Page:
Using a mediastinoscope, the upper and middle thoracic esophagus is dissected from the surrounding tissue without lymph node dissection (a). A laparoscopic incision of the left diaphragm provides a clear image of the left thoracic cavity (b, c). The tumor is completely resected along with part of the lower lobe of the left lung using linear stapler (d)

Fig. 4
figure 4

Macroscopic observation of the resected specimen shows the tumor size to be 75 × 70 × 55 mm in diameter (a). Histopathological findings of the tumor cells show that spindle cells densely proliferate (b). Immunostaining of c-kit (c) and DOG-1 (d) shows diffuse dark-brownish deposition at the cytoplasm of the spindle tumor cells


The standard treatment for localized GISTs is complete resection of the tumor while avoiding rupture of the macroscopic and microscopic tumor capsules. Tumor rupture or the presence of residual tumor is strongly associated with recurrence and poor prognosis [8]. Although gastric and intestinal GISTs can be removed with segmental or wedge resections, the resection of E-GISTs is basically limited to enucleation or highly invasive esophagectomy due to the anatomical peculiarity of the esophagus [9]. Jiang et al. [10] recommended enucleation of E-GISTs for small tumors (2–5 cm in diameter), while esophagectomy is recommended for E-GISTs larger than 9 cm. However, the decision as to which surgical procedure should be performed for huge E-GISTs larger than 5 cm remains controversial. In our case, it was determined that a hybrid mediastinal and laparoscopic esophagectomy could resect a huge tumor approximately 8 cm in diameter. Based on the diameter and location of the tumor, we thought that there was a risk of tumor cell dissemination from intraoperative damage to the tumor capsules. Therefore, neoadjuvant treatment with imatinib (400 mg/day) was administered with the aim of reducing the tumor size.

Imatinib therapy was initially approved for advanced or metastatic GISTs and subsequently approved as adjuvant therapy after tumor resection [11]. Especially in patients with huge E-GISTs, reducing GIST size by administering imatinib preoperatively to reduce the extent of resection seems attractive, since a wide resection may result in loss of function and have a significant impact on postoperative quality of life. However, there is a little evidence based on clinical trials concerning neoadjuvant imatinib therapy for E-GISTs. Kang et al. [12] suggested that neoadjuvant imatinib therapy can be considered for patients with high mitotic rates and/or larger tumor sizes to obtain a microscopically negative margins (R0 resection) and to reduce the risk of intraoperative complications such as tumor rupture. Concerning the duration of preoperative imatinib administration, this has been reported to range from a few days to over a year [13]. The optimal duration of imatinib administration for maximum preoperative benefit is considered to be 6–12 months [14]. In our case, the duration of treatment with imatinib was not long enough, but the tumor size was reduced according to the chest CT scan.

Recently, mediastinoscopy-assisted and laparoscopic transhiatal esophagectomy with cervical anastomosis has been considered as a feasible and safe surgical procedure for selected patients with esophageal cancer [15]. In our institution, we also have performed this surgical procedure from 2017. The use of mediastinoscopy allows for clear visualization of the mediastinal structures, can be performed safely in elderly patients and high-risk cases with pulmonary disease, and may prevent postoperative pulmonary complications by avoiding the need for thoracotomy [16]; whereas, according to the Japanese GIST clinical guidelines, GISTs larger than 5 cm are not indicated for resection by minimally invasive surgery because of the risk of capsular damage. However, we believe that mediastinal and laparoscopic surgery can reduce E-GISTs capsular damage from the magnifying effect as compared to conventional open thoracotomy or laparotomy. In our patients, left and right thoracoscopic surgery was judged to be a rather difficult procedure because of the location of the huge tumor and residual esophagus, and more invasive to the patient because of the destruction of the chest wall. Therefore, the risks and benefits of minimally invasive surgery (hybrid mediastinal and laparoscopic surgery), considering their advanced age and the risk of chronic obstructive pulmonary disease, were fully explained to the patients and their families. Although a prolonged operation is needed, resection of the huge E-GIST by this hybrid mediastinal and laparoscopic procedure without the capsular rupture is possible.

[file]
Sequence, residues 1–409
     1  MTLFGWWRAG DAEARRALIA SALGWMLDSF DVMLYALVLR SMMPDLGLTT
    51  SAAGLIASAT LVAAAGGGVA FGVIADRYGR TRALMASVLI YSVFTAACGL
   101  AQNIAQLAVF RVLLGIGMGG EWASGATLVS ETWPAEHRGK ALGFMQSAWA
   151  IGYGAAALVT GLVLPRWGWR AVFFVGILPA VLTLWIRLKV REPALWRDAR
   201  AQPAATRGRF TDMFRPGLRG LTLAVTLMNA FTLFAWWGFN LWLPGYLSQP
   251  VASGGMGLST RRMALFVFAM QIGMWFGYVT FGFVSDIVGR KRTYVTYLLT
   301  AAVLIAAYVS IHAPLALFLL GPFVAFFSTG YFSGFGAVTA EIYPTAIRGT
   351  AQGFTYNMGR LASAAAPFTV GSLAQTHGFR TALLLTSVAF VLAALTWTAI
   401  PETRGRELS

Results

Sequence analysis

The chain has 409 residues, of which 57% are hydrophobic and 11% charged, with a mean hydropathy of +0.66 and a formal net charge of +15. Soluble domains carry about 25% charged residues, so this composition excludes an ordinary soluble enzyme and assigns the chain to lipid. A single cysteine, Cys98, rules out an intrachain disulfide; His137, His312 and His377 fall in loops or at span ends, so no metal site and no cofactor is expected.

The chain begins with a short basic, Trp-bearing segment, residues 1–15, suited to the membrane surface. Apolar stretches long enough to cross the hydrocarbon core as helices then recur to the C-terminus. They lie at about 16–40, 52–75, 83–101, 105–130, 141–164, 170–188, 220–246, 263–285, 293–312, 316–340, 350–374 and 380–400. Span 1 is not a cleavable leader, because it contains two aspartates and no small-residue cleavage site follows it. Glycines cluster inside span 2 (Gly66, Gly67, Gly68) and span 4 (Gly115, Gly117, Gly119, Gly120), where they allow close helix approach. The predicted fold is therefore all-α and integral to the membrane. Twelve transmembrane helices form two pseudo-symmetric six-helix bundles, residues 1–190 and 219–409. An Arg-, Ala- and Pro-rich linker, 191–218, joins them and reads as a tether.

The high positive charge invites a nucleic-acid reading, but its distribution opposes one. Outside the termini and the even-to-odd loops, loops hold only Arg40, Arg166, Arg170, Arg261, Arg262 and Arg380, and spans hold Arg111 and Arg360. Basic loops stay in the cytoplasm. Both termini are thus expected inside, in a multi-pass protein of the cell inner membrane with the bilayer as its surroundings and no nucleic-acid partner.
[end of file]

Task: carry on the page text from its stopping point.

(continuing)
A review of the literature published from January 1999 through December 2021 was performed by searching the PubMed database and the Ichushi-Web database of the Japanese Medical Abstract Society (; NPO Japan Medical Abstracts Society) using the following key words: “esophageal gastrointestinal stromal tumor” and “surgery”. There is no report in English literature, but Japanese literature reported one case of E-GIST, 18 mm diameter, that was resected by mediastinoscope-assisted transhiatal esophagectomy (no description of laparoscopic gastric tube creation) [17]. Therefore, the present surgical report is the first case of mediastino-laparoscopic transhiatal esophagectomy for a huge GIST of more than 5 cm.


We describe the treatment of a case of huge E-GIST successfully resected by minimally invasive surgery after neoadjuvant imatinib therapy. This hybrid surgical procedure utilizing mediastino-laparoscopy might be useful for high-risk patient with esophageal tumors.

Availability of data and materials

Not applicable.



Esophageal gastrointestinal stromal tumors


Gastrointestinal stromal tumors


Computed tomography


Fluorodeoxyglucose positron emission tomography

SUV max:

Maximum standardized uptake value


Discovered on GIST


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Authors and Affiliations



KM, TM, RY, HH, YK and NM carried out, analyzed, and interpreted our patient’s imaging examinations. KM and TM and HH performed the surgery. The manuscript was prepared by KM under the supervision of NT and HY. All authors read and approved the final manuscript.

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Correspondence to Keisuke Mishima or Takeshi Matsutani.

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Mishima, K., Matsutani, T., Yamagiwa, R. et al. Huge esophageal gastrointestinal stromal tumor successfully resected under mediastino-laparoscopic transhiatal esophagectomy: a case report. surg case rep 8, 109 (2022).